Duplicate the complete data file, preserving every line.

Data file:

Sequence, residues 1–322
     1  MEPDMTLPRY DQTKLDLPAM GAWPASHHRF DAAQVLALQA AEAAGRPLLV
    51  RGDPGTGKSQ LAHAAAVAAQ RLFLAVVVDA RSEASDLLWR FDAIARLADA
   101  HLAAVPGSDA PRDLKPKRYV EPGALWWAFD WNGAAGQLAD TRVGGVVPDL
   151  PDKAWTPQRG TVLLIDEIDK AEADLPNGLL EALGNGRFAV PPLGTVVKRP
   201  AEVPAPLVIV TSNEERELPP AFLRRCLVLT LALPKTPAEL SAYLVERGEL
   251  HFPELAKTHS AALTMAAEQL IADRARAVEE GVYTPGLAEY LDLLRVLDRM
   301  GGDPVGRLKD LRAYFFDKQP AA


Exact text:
Sequence, residues 1–322
     1  MEPDMTLPRY DQTKLDLPAM GAWPASHHRF DAAQVLALQA AEAAGRPLLV
    51  RGDPGTGKSQ LAHAAAVAAQ RLFLAVVVDA RSEASDLLWR FDAIARLADA
   101  HLAAVPGSDA PRDLKPKRYV EPGALWWAFD WNGAAGQLAD TRVGGVVPDL
   151  PDKAWTPQRG TVLLIDEIDK AEADLPNGLL EALGNGRFAV PPLGTVVKRP
   201  AEVPAPLVIV TSNEERELPP AFLRRCLVLT LALPKTPAEL SAYLVERGEL
   251  HFPELAKTHS AALTMAAEQL IADRARAVEE GVYTPGLAEY LDLLRVLDRM
   301  GGDPVGRLKD LRAYFFDKQP AA